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Tourism PEI
Boats in harbour, sunset, Georgetown

Georgetown Prince Edward Island

The Capital of Kings County

Georgetown boasts the first harbour to be built on the Eastern Seaboard and one of the deepest harbours in North America.

Fishing free trade agreement boosts economy 

Georgetown benefited greatly from the 1854 Reciprocity Treaty which granted Americans fishing rights in Island waters. Hundreds of American vessels docked in the port, greatly increasing business for local merchants. Within 10 years, the small town had swelled to 14 general stores; nine tavern keepers; seven hotels; six shipbuilders; five tailors; four druggists and milliners; three blacksmiths and harness makers; two carriage makers and grocers; one baker, brewer, cabinet maker, physician, surveyor, tinsmith, watchmaker and wheelwright.

Historic image of Water Street, Georgetown


Making an appearance

Poxy Island, off the coast of Georgetown, was a quarantine zone for ships wanting to enter the harbour during the smallpox epidemic of the late 1800s. Flying yellow flags, these ships would be inspected to ensure crew members didn’t have the disease. Over a century ago, a shipwreck appeared on the shores of Poxy Island, perhaps the remnants of one of these inspected ships. But here’s the thing! That shipwreck comes and goes, disappearing and reappearing at the whims of the tides. Its most recent appearance was in June 2013. At that time, archaeological experts identified the ship as being built in the 19th century.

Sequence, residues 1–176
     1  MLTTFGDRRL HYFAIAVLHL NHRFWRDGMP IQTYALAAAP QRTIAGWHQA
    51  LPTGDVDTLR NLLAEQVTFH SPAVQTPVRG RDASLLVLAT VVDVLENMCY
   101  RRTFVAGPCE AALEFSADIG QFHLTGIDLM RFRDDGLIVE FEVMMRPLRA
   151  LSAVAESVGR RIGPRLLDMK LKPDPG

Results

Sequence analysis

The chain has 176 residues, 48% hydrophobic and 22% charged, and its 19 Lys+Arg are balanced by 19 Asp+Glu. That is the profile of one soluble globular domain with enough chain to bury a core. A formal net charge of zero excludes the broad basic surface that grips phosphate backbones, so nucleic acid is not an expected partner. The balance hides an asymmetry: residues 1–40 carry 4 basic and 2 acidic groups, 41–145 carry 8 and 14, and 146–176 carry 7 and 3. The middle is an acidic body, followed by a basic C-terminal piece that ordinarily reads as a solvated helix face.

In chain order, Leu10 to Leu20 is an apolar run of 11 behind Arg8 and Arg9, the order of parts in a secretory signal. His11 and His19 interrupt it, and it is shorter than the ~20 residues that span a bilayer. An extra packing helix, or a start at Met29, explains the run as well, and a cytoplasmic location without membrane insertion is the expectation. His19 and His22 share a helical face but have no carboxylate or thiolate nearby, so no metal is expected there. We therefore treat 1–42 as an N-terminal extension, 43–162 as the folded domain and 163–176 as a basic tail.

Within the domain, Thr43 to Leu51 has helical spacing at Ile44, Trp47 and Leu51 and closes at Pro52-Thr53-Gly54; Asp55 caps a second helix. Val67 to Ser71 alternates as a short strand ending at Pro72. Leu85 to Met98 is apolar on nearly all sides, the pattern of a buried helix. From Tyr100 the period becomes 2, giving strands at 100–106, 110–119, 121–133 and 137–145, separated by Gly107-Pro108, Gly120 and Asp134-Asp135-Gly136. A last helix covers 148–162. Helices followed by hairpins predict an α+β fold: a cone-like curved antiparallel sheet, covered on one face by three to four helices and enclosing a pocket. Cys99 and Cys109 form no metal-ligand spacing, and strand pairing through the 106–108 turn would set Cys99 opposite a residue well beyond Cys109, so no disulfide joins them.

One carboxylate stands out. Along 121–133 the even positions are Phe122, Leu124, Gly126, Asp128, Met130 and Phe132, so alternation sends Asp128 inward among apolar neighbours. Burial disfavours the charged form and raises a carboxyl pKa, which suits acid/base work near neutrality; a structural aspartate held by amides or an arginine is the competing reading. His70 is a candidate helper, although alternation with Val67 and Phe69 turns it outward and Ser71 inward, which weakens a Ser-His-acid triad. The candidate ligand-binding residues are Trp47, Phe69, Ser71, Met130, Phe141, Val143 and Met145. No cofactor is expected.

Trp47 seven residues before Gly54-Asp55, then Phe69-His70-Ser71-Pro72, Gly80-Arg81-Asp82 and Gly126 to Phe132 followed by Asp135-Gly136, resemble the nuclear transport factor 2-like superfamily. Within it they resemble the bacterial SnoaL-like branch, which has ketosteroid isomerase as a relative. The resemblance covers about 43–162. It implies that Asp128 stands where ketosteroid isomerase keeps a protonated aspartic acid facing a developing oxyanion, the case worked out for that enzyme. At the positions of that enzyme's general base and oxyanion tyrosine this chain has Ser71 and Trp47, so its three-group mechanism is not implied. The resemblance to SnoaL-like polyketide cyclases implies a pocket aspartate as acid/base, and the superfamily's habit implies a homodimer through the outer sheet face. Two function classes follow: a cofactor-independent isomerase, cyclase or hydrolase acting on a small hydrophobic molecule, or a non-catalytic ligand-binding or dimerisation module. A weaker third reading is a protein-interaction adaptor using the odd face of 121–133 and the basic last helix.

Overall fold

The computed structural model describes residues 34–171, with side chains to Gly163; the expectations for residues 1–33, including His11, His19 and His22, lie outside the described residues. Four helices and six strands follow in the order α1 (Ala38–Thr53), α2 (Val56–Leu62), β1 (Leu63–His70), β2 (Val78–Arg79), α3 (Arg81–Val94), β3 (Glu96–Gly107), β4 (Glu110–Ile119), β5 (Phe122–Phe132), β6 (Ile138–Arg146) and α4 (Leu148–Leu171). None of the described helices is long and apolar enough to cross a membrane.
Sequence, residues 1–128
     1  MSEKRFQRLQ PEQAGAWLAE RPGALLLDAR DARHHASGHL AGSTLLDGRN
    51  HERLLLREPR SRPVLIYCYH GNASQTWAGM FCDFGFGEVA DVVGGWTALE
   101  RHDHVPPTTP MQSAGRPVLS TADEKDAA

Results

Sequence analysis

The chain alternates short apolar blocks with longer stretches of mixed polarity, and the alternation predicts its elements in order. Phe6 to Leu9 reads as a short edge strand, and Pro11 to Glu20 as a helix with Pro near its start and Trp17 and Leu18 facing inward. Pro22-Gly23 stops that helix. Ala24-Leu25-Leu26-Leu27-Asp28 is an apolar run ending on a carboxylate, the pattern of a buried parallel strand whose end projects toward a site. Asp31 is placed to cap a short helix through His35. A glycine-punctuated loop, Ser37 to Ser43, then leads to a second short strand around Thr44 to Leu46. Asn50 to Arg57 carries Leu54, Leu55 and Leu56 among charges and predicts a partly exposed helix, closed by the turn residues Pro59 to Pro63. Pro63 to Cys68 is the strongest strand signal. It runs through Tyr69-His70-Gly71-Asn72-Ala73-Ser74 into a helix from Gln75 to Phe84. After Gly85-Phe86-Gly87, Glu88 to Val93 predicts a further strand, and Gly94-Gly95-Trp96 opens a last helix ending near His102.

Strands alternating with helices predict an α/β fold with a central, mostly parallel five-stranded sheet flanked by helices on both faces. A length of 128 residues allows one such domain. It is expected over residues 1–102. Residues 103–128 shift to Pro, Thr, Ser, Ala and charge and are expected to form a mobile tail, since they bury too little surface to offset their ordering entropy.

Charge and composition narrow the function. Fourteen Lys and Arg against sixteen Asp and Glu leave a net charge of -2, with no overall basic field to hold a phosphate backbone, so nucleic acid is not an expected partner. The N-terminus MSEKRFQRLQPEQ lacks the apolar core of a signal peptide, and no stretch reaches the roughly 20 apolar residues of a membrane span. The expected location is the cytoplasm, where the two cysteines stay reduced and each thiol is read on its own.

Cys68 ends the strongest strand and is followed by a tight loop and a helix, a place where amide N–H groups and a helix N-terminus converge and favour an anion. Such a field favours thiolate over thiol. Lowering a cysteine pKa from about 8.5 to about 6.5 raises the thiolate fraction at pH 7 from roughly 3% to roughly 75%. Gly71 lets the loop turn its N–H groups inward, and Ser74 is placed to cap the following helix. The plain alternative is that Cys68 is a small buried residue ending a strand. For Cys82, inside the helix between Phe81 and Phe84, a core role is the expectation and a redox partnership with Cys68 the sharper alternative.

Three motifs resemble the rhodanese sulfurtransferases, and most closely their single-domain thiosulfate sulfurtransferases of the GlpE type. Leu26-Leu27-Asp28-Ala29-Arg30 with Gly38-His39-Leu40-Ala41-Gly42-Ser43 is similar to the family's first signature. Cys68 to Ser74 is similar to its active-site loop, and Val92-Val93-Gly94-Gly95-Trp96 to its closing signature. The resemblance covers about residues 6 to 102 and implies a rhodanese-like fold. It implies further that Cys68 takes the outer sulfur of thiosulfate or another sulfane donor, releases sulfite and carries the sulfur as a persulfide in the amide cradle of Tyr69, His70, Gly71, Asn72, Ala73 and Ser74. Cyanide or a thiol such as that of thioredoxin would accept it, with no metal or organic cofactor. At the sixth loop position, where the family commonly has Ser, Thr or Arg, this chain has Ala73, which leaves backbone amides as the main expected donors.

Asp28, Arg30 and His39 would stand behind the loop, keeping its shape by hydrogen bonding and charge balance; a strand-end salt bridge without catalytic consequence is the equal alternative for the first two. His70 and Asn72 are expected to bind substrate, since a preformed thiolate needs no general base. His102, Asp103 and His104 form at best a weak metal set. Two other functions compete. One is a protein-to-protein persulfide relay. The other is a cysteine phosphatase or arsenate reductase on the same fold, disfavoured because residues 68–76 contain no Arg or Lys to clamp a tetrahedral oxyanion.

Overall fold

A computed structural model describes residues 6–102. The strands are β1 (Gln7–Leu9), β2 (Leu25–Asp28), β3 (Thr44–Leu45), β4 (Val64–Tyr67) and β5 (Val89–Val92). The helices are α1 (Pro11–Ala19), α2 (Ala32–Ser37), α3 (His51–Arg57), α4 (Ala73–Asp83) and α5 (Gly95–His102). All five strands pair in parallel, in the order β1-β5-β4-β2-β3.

Historic postcard image of DGS Minto at Georgetown PEI, winter 1905


Big wheel keeps on turning

Georgetown boasts the largest municipal park on the Island. The 3.8-acre A.A. Memorial Gardens was established in honour of Andrew Archibald Macdonald, the area’s Father of Confederation. Fittingly, this park features Canada’s largest ship wheel, measuring 12 feet in diameter. Quite likely it is a replica of the wheel of a fishing schooner. It is mounted so you can go under it and move the wheel.

Kings Playhouse

Georgetown is home to Canada’s longest-running theatre. The building was originally designed by prolific PEI architect William Critchlow Harris, well-known for building churches, houses and halls across the Maritimes. It was built as a multi-purpose town hall and theatre in 1887 and soon became a gathering place for local and touring performers. Even Harry Houdini performed there - until he escaped!

Devastated by fire in 1983, the playhouse reopened the next year and continues to thrive as an arts centre, showcasing and hosting artists from around the world. Its art gallery features work by talented locals.